As it relates to the Duke Lacrosse team rape case and the Sarah Butters rape case, could you discuss the implications behind rape culture on college campuses?
This discussion could relate to aspects of rape culture being influenced by societies ingrained attitudes towards sexuality (i.e., how media depict women), economic class of victim and/or perpetrator, how the case is handled by school officials (ie., does the punishment fit the crime?), among other factors. You don't have to go into much detail about each case, but please include quote(s) from three peer-reviewed articles or data from official sources as it pertains to rape culture. I have included (below) one peer-reviewed article as an example.
It would be interesting to know how many college/university school officials themselves were once fraternity or sorority members....
Those of us who have gone off to college and lived on campuses know well that the microcosm of thousands of male and females one's own age is not the real world. Without the fear of answering to adults for one's actions and surrounded by those who can reinforce the belief that certain conduct is acceptable, there can, indeed, be a "culture" of sorts that develops. Apparently, in certain fraternities and sororities where those who join are of the personalities that desire acceptance and wish to be like others around them, conduct that is unacceptable on the outside world can be condoned within this sphere by the obsequious members in their efforts to become "champions" or attain a reputation. However, personal conduct should never be condoned when it involves the violation of the rights of individuals who do not willingly comply with others, and when it involves illegal actions. University officials who do not address such conduct because of political or social reasons are unconscionable. Clearly, officials at James Madison University felt pressure from political or social sources when they gave three male students expulsion "after graduation."
Zerlina Maxwell in Time magazine "Feminist" [so named] editorial that rape culture is real, and the refusal to recognize it is dangerous:
But by denying the obvious we continue to allow rapists to go unpunished and leave survivors silenced.
And, in response to the claims that "over-hyped hysterical feminists" are making outcries, she replies with these rhetorical questions:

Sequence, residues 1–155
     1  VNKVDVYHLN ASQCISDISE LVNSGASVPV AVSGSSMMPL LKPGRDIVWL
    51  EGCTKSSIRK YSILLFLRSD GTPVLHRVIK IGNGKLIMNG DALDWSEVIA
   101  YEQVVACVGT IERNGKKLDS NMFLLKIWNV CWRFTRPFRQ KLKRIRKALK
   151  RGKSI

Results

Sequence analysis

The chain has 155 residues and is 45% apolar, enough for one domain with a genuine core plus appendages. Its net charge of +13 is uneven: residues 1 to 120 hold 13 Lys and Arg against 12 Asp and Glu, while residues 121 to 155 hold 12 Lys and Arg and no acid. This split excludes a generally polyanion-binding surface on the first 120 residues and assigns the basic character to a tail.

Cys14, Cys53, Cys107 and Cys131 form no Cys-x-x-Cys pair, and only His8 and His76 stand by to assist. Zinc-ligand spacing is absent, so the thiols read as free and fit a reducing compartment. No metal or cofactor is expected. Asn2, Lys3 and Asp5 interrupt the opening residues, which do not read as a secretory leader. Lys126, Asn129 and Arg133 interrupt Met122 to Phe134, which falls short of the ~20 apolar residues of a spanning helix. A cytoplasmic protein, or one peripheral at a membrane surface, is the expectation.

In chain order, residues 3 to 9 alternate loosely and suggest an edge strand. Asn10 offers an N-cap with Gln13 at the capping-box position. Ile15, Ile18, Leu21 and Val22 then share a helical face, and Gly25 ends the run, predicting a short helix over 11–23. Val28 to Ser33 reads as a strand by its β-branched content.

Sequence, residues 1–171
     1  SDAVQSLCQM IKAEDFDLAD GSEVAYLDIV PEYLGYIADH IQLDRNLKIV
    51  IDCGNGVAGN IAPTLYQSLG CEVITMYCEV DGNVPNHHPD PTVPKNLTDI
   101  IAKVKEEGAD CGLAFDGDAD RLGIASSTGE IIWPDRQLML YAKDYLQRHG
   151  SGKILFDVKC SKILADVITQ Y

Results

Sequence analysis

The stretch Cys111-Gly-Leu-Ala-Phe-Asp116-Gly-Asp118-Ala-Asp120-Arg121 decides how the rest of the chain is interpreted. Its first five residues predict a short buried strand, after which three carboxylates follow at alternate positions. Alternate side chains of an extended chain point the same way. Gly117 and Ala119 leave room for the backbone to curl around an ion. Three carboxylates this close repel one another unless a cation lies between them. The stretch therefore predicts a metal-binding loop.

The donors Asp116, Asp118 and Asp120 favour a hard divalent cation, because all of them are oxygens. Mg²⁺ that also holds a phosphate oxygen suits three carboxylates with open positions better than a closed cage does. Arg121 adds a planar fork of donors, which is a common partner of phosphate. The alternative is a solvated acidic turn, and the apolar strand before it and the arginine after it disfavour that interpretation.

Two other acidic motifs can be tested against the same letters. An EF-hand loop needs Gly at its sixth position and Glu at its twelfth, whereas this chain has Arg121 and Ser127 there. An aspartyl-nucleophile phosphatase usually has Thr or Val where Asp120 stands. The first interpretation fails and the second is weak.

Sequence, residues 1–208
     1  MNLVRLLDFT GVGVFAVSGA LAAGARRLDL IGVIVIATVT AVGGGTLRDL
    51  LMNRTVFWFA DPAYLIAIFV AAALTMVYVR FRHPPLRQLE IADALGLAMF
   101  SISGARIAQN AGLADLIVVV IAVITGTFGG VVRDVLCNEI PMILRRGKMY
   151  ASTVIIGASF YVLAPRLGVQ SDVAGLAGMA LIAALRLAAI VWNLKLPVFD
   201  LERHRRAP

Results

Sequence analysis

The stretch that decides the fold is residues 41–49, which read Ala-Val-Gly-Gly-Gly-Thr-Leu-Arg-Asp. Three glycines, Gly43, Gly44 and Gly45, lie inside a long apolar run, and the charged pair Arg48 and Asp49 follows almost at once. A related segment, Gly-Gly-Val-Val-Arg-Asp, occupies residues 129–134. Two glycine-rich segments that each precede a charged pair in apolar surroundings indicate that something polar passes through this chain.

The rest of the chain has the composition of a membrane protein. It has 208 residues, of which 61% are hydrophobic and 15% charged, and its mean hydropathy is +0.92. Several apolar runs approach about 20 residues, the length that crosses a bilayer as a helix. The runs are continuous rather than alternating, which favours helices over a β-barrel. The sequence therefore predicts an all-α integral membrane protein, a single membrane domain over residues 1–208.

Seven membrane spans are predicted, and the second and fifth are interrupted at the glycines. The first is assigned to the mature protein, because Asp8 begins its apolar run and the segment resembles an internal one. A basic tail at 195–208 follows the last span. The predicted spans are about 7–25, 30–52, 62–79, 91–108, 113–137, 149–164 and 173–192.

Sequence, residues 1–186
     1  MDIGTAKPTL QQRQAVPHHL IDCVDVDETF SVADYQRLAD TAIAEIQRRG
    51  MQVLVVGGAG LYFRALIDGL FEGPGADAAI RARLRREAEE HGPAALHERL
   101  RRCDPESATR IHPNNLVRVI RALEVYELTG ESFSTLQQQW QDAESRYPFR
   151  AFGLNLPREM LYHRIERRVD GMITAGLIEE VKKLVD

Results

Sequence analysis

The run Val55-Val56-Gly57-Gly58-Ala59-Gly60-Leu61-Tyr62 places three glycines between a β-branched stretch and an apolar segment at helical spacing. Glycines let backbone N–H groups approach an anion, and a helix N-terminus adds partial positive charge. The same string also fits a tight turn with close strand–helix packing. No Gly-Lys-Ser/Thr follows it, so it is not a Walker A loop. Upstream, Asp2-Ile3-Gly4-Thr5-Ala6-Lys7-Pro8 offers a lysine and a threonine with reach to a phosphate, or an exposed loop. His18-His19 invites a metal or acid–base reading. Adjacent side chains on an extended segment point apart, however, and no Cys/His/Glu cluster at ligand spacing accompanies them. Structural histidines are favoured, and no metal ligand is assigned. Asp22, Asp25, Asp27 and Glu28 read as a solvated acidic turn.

Is 1 in 5 American women surviving rape or attempted rape considered a cultural norm? Is 1 in 6 men being abused before the age of 18 a cultural norm?
In another Time editorial "It's Time to End Rape Culture Hysteria" by Caroline Kitchens, she writes that the increasing preoccupation with ending "rape culture" has swung to the other extreme of obsession and hysteria:
Rape-culture theory is doing little to help victims, but its power to poison the minds of young women and lead to hostile environments for innocent males is immense.
The pendulum-swing effect so often applies to issues in America. What is needed is good common sense and fairness to all, principles which should apply in every judgment made regarding human behavior. But, from the histories of victims and perpetrators and from the reactions of many in the public, the implications are that reason and fairness may not quickly apply because radical-feminists may wish to go too far and the patronizers of the "red-blooded American frat-boy" culture may not take issues to their logical conclusions, thus allowing fraternities to continue to violate women.
It will be necessary for fundamental behaviors on the part of both male and females to alter. When no females attend the parties at fraternity houses known for sexual exploitation, change may begin; when males do not over-imbibe, change may begin; likewise, when rules of conduct are enforced at fraternity houses and on college campuses, change may begin, and when enough females begin to create a climate in which inappropriate dress and behavior are not acceptable, change may begin. No single factor can effect a cultural change; the demands on are numerous influences.